5 Things You Don’t Know About International Travel

International Travel

As the CEO and founder of a worldwide transportation network, I spend roughly half of my waking day speaking with airport car service clients and corporate travel planners.  As a byproduct of this hectic schedule, I’ve learned a few savvy tips and tricks  for making your travel experiences easier. From watching the entire last season of “Breaking Bad” to learning how to call outside of a foreign country for free!  Here’s five guarded travel tips gathered from discerning and seasoned business travellers, that I’ve put together just for you

You Can access your Netflix Account While Traveling Abroad.

Additionally you should be able to view Hulu and HBO Go, browse Pandora Radio or checkout your Facebook status in China. You’ll need one thing- a VPN. This is also known as a “Virtual Private Network,” and what it accomplishes is simple and amazing!  It allows you to route your Internet traffic through a network with a distinct IP address, mirroring your network back home in The USA, while you’re browsing away in a train in Berlin.

Hide My Ass! (Yes that’s really the name) and Strong VPN are two reputable and cost effective VPN options, they start at $6.55 per monthly use.

Once you’re logged in, you’ll have a fair access to numerous global servers. Getting set up is a cinch and both VPN services have top notch 24-hour customer service hotlines. Any of the aforementioned VPNs are compatible with a tablet, smartphone or laptop.

You Can Call the States for Free

T-Mobile has one of the best coverage options for international travellers; it’s a closely guarded secret they’d rather you not know about.  You can bet that they won’t publicize that all international calls made over a Wi-Fi connection are free. Like, totally free. You can forget about data or roaming charges altogether.

Calls are made using Wi-Fi connect with a UMA (Unlicensed Mobile Access) network.-this kind of works in the same way as the VPN.  What a UMA does is give the caller using the Wi-Fi a separate and standalone IP access to T-Mobile’s core network.  This essentially mirrors the same type of wireless connection made in the United States.

As a matter of plain stated fact-Mobile, hands down, has one of the best overseas data plan. Unlimited email access can be had for a monthly fee of $19.99-not bad!   Unfortunately the use of Twitter and Facebook is not included in this plan.  But honestly once you get the hang of the Wi-Fi and UMA network you can freely surf the web browser and log into any and all social media apps.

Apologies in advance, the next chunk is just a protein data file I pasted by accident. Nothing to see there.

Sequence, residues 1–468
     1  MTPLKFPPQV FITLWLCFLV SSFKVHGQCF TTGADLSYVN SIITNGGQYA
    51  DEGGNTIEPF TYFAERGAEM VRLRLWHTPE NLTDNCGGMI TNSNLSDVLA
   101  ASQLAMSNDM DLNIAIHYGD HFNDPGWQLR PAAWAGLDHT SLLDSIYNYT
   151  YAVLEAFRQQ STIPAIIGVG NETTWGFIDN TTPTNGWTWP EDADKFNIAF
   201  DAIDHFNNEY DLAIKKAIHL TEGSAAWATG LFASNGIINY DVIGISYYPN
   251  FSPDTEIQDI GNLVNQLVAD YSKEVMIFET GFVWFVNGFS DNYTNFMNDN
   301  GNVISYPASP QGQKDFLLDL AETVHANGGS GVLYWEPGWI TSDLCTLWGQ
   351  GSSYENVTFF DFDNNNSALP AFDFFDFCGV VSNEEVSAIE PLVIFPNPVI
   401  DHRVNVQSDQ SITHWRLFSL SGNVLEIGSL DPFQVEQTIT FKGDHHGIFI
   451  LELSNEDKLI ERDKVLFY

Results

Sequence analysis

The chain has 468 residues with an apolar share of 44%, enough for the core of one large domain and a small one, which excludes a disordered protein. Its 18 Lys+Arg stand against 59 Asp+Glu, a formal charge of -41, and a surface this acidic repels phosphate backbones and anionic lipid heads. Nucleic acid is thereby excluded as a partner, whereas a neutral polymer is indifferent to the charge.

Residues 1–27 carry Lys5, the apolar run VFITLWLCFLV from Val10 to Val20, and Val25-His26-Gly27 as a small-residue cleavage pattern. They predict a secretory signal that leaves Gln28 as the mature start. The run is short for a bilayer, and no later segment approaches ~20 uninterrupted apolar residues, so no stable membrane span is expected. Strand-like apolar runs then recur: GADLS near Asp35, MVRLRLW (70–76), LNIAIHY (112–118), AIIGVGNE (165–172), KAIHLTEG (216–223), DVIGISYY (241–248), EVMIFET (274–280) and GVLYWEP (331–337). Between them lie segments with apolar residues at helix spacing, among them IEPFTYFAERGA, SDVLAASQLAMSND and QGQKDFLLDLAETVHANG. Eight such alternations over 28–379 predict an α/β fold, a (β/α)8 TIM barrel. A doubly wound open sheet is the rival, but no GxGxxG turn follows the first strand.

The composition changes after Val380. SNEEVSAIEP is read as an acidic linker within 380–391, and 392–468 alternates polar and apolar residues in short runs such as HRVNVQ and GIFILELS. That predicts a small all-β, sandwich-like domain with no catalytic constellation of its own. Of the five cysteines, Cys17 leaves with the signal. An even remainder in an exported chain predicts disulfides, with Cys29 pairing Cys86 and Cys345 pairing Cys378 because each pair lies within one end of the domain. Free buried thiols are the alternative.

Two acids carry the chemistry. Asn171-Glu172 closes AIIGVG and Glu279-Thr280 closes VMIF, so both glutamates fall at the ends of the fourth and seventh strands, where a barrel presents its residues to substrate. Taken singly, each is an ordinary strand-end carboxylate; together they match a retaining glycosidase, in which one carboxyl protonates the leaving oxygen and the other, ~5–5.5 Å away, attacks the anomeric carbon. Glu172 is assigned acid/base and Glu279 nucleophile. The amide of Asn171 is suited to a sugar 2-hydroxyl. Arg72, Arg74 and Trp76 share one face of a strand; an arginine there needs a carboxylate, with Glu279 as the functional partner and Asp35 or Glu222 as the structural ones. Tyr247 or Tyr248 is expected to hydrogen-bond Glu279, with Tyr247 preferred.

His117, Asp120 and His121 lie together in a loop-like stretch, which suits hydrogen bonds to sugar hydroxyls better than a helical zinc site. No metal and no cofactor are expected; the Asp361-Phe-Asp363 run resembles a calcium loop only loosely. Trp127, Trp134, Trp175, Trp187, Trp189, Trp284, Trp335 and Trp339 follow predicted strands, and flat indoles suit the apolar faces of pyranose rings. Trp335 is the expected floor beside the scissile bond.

Electronic Pick-Pocketing is On the Rise

Tech savvy thieves are now using what’s known as RFID (Radio-Frequency Identification) “skimming”.  RFIDs are really just the condensed radio frequency chips that hold all the data contained in your passports, credit cards and other personal identification cards that have a magnetic stripe.  Snatching that data is easy as pie for some of these thieves. The majority of them stroll around with a portable card reader and briskly walk by or ‘bump’ you in a crowded place.

I have heard a personal story of one  executive whose data was snatched while travelling,  only to find his bank accounts drained, within hours. Pickpocket hotspots include shopping malls, train stations and busy hubs like airports.

The best defense is a personal offense: Think about shopping around for a RFID-Anti Theft wallet or personal carrying case. Some travel specialists recommend PacSafe’s anti-theft RFIDtec 150 RFID blocking passport case.

Forget About the Power Converter.

I can’t tell you how many times I get asked about adaptor plugs for different countries, and if one needs to invest in a converter. Here’s the bottom line. Today, almost all up to date electronic gadgets come with a built in power charger as part of the adapter.  Yes that includes iPhones, tablets and cameras as well as almost all smartphone models.

What you will need however is what’s called a travel plug adapter. Different countries use different kinds of plugs. In Eastern Europe, there’s these distinct looking round two headed prongs. In England there’s those square shaped three-pronged plugs. Just remember to do some homework before you travel overseas, and find out what kind of travel plug adapter you’ll need. I personally recommend Kensington International travel plug adapter.

The only instance when you will you need a power converter is when using appliances that use an inordinate amount of wattage; hair curling irons, blow dryers or Norelco type shavers.  Honestly, you’ll thank me later for purchasing these items abroad; You can save yourself a whole lot of headaches and possible socket meltdowns!

Download the App for That

Need some useful sentences in Japanese? Personal travel recommendations from a local guide   Underground subway schedules?  There’s probably an app for that. Seriously

It’s a wise choice to by contextually specific travel apps for your destination city  before you travel abroad. Some of my favorites include: mapswithme (for offline downloadable navigation), currency (for up to date exchange rates) and worldmate (for everything from flight updates to travel itineraries)

Smart Apps  don’t hog up too much memory and many are free. The paid apps are often the best investment you can make when you find yourself in a jam in a foreign land.